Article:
Or how about constipation? That’s a fun one! Snackers are more likely to be constipated because of the lack of peristalsis; larger meals will trigger the nervous system’s reflex, but constant snacking will not.

And finally, it messes up your hormones–leptin and ghrelin are the hunger hormones. Proper leptin levels help you stay in control while ghrelin is the gremlin making you want to strap on the feedbag!

You are constantly stimulating that gremlin and suppressing your leptin if you’re always eating throwing everything out of whack, turning yourself into a food beast!

The solution?

Eat three good meals a day–better, eat TWO good meals a day.

 

And start your day with a collagen rich smoothie like one of my favorites:

Green Garden Chocolate Smoothie

INGREDIENTS

1/2 cup unsweetened coconut milk
1 celery stick, chopped
1/2 cucumber, sliced
1/2 apple, peeled
1/2 cup fresh kale, chopped
1 tablespoon flax seeds
2 scoops Perfect Paleo Protein 2.0
1 scoop FiberMender 3.0

INSTRUCTIONS

In a blender, add unsweetened coconut milk, celery, cucumber, apple, kale, flax seeds, PPP and Fibermender 3.0; blend until smooth and enjoy! It’s ok to add a tad more milk or water, if a thinner smoothie is preferred.


Here’s the deal–we were sold a bill of goods a few years back when it came to eating 5-6 small meals a day.

Yes eating like this means you won’t ever feel hungry, but you need to know what hunger feels like so you know when it’s time to eat!

AND you need to give your poor body a break!

2 tasty, healthy meals a day, one amazing, nutrient dense, keep you full smoothie each day is the ticket to holding on to your health AND holding on to a healthy weight.

If you have weight to lose, this formula works well too!

Do your own research–you’ll be surprised at this all-you-can-eat small meal deal has become a relic of the past, it just plain doesn’t work and it keeps your body in a state of stress as well.

And speaking of research, check this out:

In one study, a high protein breakfast smoothie (at least 20 grams of protein) helps you eat less calories (but still get the nutrients you need when you make them our way!).

In another study, high protein breakfasts help cut cravings by 60% and late night snacking in half!

Three more studies–one shows that increasing your protein especially with a breakfast smoothie, helps you to eat up to 441 calories less per day without actively trying to limit your portions.

Love this study–smoothies containing at least 20 grams of protein, decreased hunger by 50-65%! WOO HOO!!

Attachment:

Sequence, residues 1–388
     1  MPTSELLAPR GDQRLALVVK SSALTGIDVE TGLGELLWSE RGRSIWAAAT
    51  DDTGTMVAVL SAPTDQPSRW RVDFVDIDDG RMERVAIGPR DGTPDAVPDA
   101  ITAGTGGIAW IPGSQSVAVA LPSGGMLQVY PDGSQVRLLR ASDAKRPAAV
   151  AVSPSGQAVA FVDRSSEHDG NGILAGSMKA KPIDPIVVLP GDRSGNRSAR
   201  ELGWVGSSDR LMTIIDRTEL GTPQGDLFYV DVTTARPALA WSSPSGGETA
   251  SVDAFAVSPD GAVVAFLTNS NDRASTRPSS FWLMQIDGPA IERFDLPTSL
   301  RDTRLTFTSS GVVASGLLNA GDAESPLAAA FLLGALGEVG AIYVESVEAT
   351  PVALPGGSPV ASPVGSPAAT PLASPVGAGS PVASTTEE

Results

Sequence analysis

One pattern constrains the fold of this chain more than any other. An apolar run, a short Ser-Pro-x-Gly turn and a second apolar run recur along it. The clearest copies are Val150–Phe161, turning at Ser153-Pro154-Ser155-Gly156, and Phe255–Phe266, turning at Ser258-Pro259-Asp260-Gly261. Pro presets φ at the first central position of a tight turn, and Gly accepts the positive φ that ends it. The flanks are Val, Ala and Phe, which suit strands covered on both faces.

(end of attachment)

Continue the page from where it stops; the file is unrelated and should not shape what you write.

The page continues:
AND, by the end of a 12 week study, participants lost an average of 11 pounds!!

Now THAT is great news!

Making sure your protein rich smoothies are nutrient rich is the key!

Love,
Leanne

PS–We’ll help you dial this smoothie thing in–we’ll send you a FREE smoothie recipe ebook with each order of our Perfect Paleo Protein! (YES, that includes the Kits!)

How To Hack Cooking at Home

How To Hack Cooking at Home

how to hack cooking from home

One of the top health tips you can do right now and hack your own biology to obtain optimal health is…are you ready?

Eating at home.

Now stop—don’t leave. Don’t roll your eyes or say I can’t cook, I don’t want to cook or you can get the same quality food at a restaurant.

Know this: you CAN cook, you can even learn to want to cook. And I hate to say it, but, no you cannot get the same quality food at a restaurant.

There might be one or two restaurants out there whose ingredients are as stellar as those you’d pick out–maybe.

But there’s also a whole host of other restaurants that seemingly have great stuff on their menus only to use super crappy oil in the preparation of those healthy, tasty meals.

The point is the ingredients—each and every single one of them from the olive oil in the salad dressing to the salt and pepper used in the making of your meal, have to be of top quality in order to get the most nutrition out of each meal.

We need to remember that each ingredient is a building block for a cell—it’s how we feed our mitochondria, the mighty energy centers of each cell. Given lousy fuel, our mitochondria perform in a subpar way, hindering health and paving the way for disease.

Given great fuel, our mitochondria respond positively, giving us the energy and joie de vivre we all desire.

But beyond ingredients that are above reproach, is the sheer joy of creating something beautiful, delicious and that feeds your soul as well as your tummy.

And listen—I get it.

Not every meal can be like that, but pretty much nearly every one of them can be when you take on the family cooking as a family, and not a one-woman show.

The Europeans have it right—they eat a wide variety of wonderful foods. They shop the open-air markets for the freshest ingredients; they bring it home and create magic in their kitchens.

And it’s not like Europeans have it easy, either. They work like we do too—they don’t have time to fool around and act like a celebrity chef—they have to get down to business and get food on the table just like we do—a simple meal with amazing ingredients, is the secret to making dinner time happen.

So when it’s time to sit down for the family meal, they open a bottle of wine, enjoy each other’s company, teach the little ones table manners and polite conversation and talk about everything from Artificial Intelligence to Zanzibar.

The reason is they have a different relationship with food then we do. They see food as a proper gateway to relationship. They understand by the way they procure and cook their food that it is an important element of their day—not just another thing to check off the to do list.